It’s what an awards show should be: Short speeches. Few categories. A succession of suits and sequin sheaths designed on Seventh Avenue.
When the Council of Fashion Designers of America holds its annual CFDA Fashion Awards, often just called the “Oscars of Fashion,” it’s never a prime-time spectacle riddled with bungled jokes and show tunes. It’s a private affair for fashion’s creative crux, a celebration of designers and industry stalwarts.
But bring in Lady Gaga, and the cameras roll out. Honored Monday with the organization’s Fashion Icon Award, she wore a burlesque-inspired ensemble by Thierry Mugler, complete with a teal Anna Wintour bob and a studded, spiked thong. As always, she seemed to reference other artists, a tactic she has perfected in both song and style, and a fitting symbol of what’s become the battle cry of American designers in recent years.
Fashion may borrow, but it should never, ever copy.
Next year, the CFDA will celebrate its 50th anniversary, and the group of 375 designers could receive its largest gift from Congress. In December, the Senate Judiciary Committee unanimously passed a bill that would provide three years of copyright protections to what it calls “unique” and “distinguishable” fashion designs.
Those adjectives are hard to attain in the fashion world. Most pieces — trench coats, tuxedos, black sheaths — are so ubiquitous that they rarely qualify as “innovative.” But under the bill, a designer could prove that a mass-market retailer copied a novel design by showing that the copy is identical, so as to be mistaken by consumers for the real thing. So copies of, say, Catherine Middleton’s wedding gown on the rack at Macy’s probably wouldn’t qualify, since the design wasn’t particularly innovative and few would mistake a copy for the original Alexander McQueen design by Sarah Burton. But a shoe with a seven-inch Lucite heel shaped like an octopus might be original enough. The bill may seem tedious, but for designers, the question of having rights to original designs is important to both business and morale.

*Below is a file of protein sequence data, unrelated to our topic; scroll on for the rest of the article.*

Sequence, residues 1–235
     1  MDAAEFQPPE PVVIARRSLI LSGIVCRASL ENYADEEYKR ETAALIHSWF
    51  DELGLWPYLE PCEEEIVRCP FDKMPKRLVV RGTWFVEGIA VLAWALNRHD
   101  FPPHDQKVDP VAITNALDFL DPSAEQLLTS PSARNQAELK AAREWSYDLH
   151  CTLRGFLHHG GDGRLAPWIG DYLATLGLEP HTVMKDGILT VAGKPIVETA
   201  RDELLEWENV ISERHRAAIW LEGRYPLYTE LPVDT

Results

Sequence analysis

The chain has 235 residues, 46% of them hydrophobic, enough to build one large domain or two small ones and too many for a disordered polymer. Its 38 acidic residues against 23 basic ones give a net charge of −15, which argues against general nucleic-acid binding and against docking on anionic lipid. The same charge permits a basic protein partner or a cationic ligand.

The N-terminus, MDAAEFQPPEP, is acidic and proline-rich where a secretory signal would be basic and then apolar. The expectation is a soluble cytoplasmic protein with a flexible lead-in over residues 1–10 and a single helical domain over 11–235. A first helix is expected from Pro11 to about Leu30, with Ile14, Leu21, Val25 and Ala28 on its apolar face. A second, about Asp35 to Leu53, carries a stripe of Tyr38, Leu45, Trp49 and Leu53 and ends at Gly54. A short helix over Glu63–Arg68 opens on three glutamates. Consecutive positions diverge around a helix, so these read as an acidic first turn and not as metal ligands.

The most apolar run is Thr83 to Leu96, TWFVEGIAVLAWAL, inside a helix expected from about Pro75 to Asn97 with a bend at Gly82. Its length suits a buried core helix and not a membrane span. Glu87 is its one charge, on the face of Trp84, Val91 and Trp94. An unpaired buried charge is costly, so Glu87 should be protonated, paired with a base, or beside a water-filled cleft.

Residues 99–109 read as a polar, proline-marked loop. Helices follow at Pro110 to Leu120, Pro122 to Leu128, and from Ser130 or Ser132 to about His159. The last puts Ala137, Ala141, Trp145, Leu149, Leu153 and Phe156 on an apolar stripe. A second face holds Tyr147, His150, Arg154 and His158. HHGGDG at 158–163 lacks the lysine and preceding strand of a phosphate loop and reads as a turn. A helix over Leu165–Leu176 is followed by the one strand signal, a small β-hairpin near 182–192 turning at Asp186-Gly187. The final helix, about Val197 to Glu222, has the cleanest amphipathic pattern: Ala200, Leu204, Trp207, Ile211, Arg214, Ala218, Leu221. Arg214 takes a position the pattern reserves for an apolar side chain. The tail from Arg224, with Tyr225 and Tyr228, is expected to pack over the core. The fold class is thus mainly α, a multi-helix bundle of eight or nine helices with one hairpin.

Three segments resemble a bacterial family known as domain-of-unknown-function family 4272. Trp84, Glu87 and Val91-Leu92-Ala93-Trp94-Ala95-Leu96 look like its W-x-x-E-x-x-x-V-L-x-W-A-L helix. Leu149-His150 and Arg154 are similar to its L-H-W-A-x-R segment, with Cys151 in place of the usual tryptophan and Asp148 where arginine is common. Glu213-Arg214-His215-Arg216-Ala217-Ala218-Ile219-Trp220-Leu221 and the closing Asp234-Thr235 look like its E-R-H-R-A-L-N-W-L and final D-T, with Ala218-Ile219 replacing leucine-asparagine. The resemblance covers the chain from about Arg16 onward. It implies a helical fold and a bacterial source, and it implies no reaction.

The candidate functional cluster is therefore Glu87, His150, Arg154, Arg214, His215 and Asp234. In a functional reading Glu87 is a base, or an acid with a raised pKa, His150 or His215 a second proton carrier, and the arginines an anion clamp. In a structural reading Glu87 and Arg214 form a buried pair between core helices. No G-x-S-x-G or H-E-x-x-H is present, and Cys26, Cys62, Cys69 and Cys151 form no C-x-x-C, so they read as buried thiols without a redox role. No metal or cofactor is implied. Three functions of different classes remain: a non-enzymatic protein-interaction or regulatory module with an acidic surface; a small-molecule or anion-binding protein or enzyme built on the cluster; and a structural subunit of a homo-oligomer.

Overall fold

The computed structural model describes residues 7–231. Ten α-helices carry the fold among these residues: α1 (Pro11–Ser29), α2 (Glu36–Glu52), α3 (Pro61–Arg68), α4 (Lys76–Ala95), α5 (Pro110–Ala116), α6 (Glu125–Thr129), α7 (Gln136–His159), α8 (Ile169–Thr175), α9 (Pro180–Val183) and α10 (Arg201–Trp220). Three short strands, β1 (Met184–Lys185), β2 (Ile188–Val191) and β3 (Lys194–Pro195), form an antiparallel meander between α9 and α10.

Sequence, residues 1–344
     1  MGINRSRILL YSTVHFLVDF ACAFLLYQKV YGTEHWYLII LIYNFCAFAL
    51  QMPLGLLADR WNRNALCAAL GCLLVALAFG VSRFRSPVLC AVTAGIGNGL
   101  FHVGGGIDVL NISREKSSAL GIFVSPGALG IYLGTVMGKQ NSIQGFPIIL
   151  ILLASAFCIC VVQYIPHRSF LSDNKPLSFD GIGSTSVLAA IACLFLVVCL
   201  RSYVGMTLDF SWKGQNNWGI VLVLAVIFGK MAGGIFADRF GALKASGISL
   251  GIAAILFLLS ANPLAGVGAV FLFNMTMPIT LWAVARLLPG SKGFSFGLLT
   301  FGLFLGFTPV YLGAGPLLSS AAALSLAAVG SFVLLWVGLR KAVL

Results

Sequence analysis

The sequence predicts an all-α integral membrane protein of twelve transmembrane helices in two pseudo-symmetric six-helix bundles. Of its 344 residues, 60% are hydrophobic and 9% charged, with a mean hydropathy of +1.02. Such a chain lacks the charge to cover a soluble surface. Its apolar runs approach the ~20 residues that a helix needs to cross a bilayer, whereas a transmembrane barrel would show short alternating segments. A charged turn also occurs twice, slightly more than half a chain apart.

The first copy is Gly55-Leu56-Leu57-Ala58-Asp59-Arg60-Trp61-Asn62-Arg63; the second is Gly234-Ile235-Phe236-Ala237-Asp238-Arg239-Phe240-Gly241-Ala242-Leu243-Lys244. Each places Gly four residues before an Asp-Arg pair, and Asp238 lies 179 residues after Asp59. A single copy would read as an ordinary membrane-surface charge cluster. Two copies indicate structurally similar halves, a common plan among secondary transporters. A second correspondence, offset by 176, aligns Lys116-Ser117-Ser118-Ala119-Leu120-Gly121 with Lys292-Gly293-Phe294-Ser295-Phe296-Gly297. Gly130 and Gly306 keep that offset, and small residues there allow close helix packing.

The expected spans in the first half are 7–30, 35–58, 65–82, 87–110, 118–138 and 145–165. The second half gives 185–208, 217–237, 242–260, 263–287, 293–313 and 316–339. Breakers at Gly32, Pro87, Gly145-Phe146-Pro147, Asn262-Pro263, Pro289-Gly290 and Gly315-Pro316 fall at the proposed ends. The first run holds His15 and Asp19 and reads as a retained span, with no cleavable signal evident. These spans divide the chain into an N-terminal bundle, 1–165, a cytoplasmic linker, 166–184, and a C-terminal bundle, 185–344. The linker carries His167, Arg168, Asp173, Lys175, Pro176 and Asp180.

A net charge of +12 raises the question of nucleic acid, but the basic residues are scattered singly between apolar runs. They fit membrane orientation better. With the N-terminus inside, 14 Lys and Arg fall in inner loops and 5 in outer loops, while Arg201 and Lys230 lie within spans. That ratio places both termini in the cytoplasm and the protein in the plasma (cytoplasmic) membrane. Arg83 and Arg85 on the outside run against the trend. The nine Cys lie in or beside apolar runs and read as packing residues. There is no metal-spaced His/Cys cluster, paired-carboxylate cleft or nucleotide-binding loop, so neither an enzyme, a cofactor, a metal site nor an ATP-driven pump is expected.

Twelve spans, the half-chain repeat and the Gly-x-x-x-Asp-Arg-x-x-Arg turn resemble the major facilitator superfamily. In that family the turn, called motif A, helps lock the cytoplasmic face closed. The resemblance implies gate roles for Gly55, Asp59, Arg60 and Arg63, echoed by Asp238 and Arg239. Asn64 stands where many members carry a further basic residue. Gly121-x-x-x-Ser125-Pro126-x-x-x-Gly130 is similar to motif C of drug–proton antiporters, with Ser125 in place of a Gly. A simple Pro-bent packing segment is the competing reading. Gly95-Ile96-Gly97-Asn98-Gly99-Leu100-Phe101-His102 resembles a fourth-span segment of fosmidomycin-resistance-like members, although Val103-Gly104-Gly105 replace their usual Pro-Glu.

Since 2006, the creative and manufacturing sectors of the fashion industry have warred over the language. The American Apparel and Footwear Association (AAFA), which represents more than 850 American manufacturers and suppliers, argued that earlier versions of the bill would drive up prices for consumers. “We were concerned that broad legislation would harm consumers and be a recipe for lawsuits, lawsuits, lawsuits,” said Kevin Burke, president and chief executive of the AAFA. “Were we going to be creating a monster?”
But the bipartisan compromise introduced last year by Sen. Charles E. Schumer (D-N.Y.) now has the support of both the CFDA and the AAFA, which he sees as a rare feat in Washington. “These guys weren’t talking to one another two years ago,” Schumer said. “This took a lot of contentious meetings. . . . It got pretty heated, but we realized that if nothing was done, everybody would lose.”